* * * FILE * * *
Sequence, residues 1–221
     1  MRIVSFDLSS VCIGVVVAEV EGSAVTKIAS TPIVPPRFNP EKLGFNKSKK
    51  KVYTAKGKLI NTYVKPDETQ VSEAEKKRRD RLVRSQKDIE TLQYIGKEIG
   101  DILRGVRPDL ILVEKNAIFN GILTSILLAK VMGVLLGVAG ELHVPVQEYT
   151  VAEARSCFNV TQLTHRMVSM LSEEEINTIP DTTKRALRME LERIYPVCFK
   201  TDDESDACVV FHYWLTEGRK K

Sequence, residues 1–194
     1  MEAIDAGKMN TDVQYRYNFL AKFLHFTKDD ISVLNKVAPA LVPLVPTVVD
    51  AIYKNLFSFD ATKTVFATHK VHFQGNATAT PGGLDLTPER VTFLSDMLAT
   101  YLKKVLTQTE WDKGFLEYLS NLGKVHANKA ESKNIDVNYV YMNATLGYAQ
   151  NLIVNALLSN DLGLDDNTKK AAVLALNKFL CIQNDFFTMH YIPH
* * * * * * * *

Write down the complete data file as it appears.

Sequence, residues 1–221
     1  MRIVSFDLSS VCIGVVVAEV EGSAVTKIAS TPIVPPRFNP EKLGFNKSKK
    51  KVYTAKGKLI NTYVKPDETQ VSEAEKKRRD RLVRSQKDIE TLQYIGKEIG
   101  DILRGVRPDL ILVEKNAIFN GILTSILLAK VMGVLLGVAG ELHVPVQEYT
   151  VAEARSCFNV TQLTHRMVSM LSEEEINTIP DTTKRALRME LERIYPVCFK
   201  TDDESDACVV FHYWLTEGRK K

Sequence, residues 1–194
     1  MEAIDAGKMN TDVQYRYNFL AKFLHFTKDD ISVLNKVAPA LVPLVPTVVD
    51  AIYKNLFSFD ATKTVFATHK VHFQGNATAT PGGLDLTPER VTFLSDMLAT
   101  YLKKVLTQTE WDKGFLEYLS NLGKVHANKA ESKNIDVNYV YMNATLGYAQ
   151  NLIVNALLSN DLGLDDNTKK AAVLALNKFL CIQNDFFTMH YIPH